Off The Grid: Beat Cop

Off The Grid: Beat Cop

Allison Winters is above the law!

I may love schlocky movies such as The Evil Dead and Bubba Ho Tep, however I’ve never been into the silly police action movies that populated the 1980’s and 90’s. Beat Cop does not attempt to accurately portray 1980’s police work, instead billing itself as an homage to the cheesy cop shows and movies of the era. This means that criminals are shot on sight while the chief yells in your ear, and there’s a distressing lack of paperwork. It’s hard on the mean pixelated streets of Brooklyn, and by hard I mean monotonous.

Jack Kelly is the titular cop and the controls, like him, are rather simple: you point, click, and things get done. Every day consists of the 8-6 shift patrolling a small neighborhood and keeping the various criminals in check. The Chief gives you some tasks such as writing tickets or tracking down crooks, but most of the day is spent exploring and possibly getting involved with the criminal element. The game is nice enough to keep track of where you stand with the major factions on the street which affects how they react to you. I found myself shut out of certain gangs’ missions because I had arrested too many of their boys previously. You’re left to your own devices on most days and how you do your job is ultimately up to you, however most days are run of the mill police work that occasionally dabble in corruption.

The game really has the potential to suck the player into its world given the chance, especially those who enjoy the cheesy cop movies the game is paying homage to. However for someone like me who really wasn’t a fan of these types of films, the game can quickly become a slog. The routine sets in: make my rounds, write tickets, run “olives” (read: drugs) for the local mafia, write more tickets, talk to a stereotypical store owner. Lather, rinse, repeat till you’ve torn your hair out and started using shoe polish in lieu of haircare products. The plot involving you and the senator who cost you your cushy detective job has the potential to be interesting but the characters and world are too self-consciously stereotypical to keep me invested.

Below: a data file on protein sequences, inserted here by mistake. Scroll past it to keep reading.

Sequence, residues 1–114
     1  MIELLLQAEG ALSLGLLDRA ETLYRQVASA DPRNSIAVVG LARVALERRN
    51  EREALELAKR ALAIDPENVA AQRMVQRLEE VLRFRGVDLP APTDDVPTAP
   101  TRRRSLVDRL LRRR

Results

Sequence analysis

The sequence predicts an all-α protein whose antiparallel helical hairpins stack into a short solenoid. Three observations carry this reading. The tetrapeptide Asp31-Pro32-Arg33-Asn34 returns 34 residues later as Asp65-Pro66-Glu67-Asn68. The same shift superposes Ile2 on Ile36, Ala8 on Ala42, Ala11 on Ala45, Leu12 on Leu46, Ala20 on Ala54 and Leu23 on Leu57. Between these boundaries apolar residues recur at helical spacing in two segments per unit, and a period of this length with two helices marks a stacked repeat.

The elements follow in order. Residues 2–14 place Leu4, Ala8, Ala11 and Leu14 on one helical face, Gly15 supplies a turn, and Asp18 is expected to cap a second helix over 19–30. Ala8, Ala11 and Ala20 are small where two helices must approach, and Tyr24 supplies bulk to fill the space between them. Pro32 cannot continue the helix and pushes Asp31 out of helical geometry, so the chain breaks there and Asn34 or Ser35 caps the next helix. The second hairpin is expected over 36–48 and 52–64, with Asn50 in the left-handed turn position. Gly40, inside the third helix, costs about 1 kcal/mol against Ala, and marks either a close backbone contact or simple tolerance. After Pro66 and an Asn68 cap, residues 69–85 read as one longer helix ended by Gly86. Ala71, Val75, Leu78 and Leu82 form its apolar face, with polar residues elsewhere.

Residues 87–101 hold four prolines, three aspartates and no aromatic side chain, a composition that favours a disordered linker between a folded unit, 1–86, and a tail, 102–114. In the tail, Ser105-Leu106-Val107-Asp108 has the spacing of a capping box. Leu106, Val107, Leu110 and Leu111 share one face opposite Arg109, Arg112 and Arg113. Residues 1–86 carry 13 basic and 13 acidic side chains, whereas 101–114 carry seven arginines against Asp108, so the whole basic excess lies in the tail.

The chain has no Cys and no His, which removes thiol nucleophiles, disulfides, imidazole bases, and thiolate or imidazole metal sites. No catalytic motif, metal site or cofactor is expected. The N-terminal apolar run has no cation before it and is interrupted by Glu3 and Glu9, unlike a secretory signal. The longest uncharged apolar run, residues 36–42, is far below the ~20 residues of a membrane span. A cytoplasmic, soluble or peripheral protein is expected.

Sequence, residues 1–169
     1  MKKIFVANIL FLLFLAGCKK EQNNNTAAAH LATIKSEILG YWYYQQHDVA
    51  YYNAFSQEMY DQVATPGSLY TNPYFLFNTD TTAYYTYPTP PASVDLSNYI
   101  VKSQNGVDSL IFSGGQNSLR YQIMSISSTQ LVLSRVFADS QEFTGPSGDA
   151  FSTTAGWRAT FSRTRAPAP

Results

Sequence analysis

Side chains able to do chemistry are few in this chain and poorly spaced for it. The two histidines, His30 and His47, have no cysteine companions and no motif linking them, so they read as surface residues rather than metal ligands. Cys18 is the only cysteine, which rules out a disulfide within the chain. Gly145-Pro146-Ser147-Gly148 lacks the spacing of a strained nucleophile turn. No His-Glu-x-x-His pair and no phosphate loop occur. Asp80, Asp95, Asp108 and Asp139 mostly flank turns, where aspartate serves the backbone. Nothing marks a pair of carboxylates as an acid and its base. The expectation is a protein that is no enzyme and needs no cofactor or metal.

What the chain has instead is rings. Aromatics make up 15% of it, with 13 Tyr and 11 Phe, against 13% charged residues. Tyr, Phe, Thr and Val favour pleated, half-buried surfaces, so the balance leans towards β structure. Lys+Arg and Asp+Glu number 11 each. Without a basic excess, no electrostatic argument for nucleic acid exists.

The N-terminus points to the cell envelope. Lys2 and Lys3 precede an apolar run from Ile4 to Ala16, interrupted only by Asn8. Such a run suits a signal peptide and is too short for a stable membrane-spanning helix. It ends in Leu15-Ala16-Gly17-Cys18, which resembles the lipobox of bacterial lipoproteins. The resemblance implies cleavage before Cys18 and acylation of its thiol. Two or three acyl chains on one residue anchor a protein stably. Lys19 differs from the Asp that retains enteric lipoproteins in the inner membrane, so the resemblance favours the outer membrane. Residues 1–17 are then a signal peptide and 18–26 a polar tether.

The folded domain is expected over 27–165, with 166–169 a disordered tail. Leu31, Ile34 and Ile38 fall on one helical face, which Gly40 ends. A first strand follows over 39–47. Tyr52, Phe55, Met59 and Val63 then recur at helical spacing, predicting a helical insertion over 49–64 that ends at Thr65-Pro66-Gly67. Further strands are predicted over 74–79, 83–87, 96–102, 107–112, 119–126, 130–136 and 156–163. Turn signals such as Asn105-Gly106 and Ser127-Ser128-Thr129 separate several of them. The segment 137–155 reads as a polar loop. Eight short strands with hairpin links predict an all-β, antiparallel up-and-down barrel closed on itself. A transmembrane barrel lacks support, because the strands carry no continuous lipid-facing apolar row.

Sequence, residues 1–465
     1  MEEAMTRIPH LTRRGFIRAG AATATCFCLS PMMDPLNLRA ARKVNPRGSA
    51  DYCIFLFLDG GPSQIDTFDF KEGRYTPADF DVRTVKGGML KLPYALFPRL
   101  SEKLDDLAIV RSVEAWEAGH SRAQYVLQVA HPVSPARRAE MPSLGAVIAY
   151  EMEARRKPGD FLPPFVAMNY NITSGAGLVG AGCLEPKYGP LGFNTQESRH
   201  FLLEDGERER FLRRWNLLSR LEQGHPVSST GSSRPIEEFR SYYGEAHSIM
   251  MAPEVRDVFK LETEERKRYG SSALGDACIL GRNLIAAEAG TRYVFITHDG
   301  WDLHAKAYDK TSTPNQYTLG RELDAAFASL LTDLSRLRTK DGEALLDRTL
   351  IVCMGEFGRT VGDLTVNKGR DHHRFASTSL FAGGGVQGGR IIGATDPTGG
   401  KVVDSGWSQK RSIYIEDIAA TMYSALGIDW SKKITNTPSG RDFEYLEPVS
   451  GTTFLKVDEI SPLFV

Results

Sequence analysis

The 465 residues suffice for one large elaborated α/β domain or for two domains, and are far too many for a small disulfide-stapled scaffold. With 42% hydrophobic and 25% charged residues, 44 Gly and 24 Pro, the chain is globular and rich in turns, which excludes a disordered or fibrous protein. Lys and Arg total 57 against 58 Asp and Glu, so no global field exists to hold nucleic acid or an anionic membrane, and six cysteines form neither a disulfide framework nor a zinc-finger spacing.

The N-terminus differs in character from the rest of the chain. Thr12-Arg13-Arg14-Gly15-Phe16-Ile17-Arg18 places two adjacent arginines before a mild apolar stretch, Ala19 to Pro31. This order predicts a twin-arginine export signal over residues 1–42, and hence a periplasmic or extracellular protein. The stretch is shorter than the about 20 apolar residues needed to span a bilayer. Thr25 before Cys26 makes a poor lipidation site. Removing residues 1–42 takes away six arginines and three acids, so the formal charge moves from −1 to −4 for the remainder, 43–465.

Kelly is a catch all of every 80’s cop trope and nothing much else. He has an estranged wife, he talks tough, and he’s slightly sleazy. It works for the most part as the setting is equally cliche, warts and all. Here, italians are mobsters, blacks are gang bangers, and russians are hilarious drunks. While I won’t attempt to speak for those groups as I’m not part of any of them, it really doesn’t sit well with me. When making an homage to movies and the like of your childhood, you really don’t want to change things lest you lose what made those movies so magical. However, bringing them into the modern era with the unsavory elements intact feels tactless. It could be as simple as making fun of those stereotypes and pointing out why they are silly, but don’t hide behind the guise of a throwback to an older style. But hey, let’s not get too serious in our game about crime and corruption.

The game does have its clever moments, mostly in the form of references to famous eighties movies and cliches. Your mentor on your first day, Fat Mike, gets shot down right after he mentioned that it’s his last day till retirement. The more silly cliches can outweigh the unfortunate ones and I may play on to hopefully see a sweet car chase. Despite not wanting to keep playing I’d be lying if I said the game didn’t elicit a few chuckles courtesy of the ridiculous dialogue. Jack Kelly and the pavement he pounds are relics of a bygone age of film that may hold charm for some but times have changed; the inability to look back with a critical eye hurts the game.   

This is one of those times where I have to say this wasn’t my game. Does that make it a bad game? No, it’s functional. Nothing about it is glaringly awful but it doesn’t do anything that I want to shout about from the rooftops. The game’s lack of self awareness of it’s outdated tropes hurts any enjoyment I could find.Those who grew up on cheesy cop movies will find enjoyment and probably want to stick around, but the rest of us might want to pass on this one.  

Allison Winters is a writer from Ohio who dreams of making a pun so wonderful the whole world tells her to shut her mouth. If you like what you read then you can check her out at her blog or Twitter.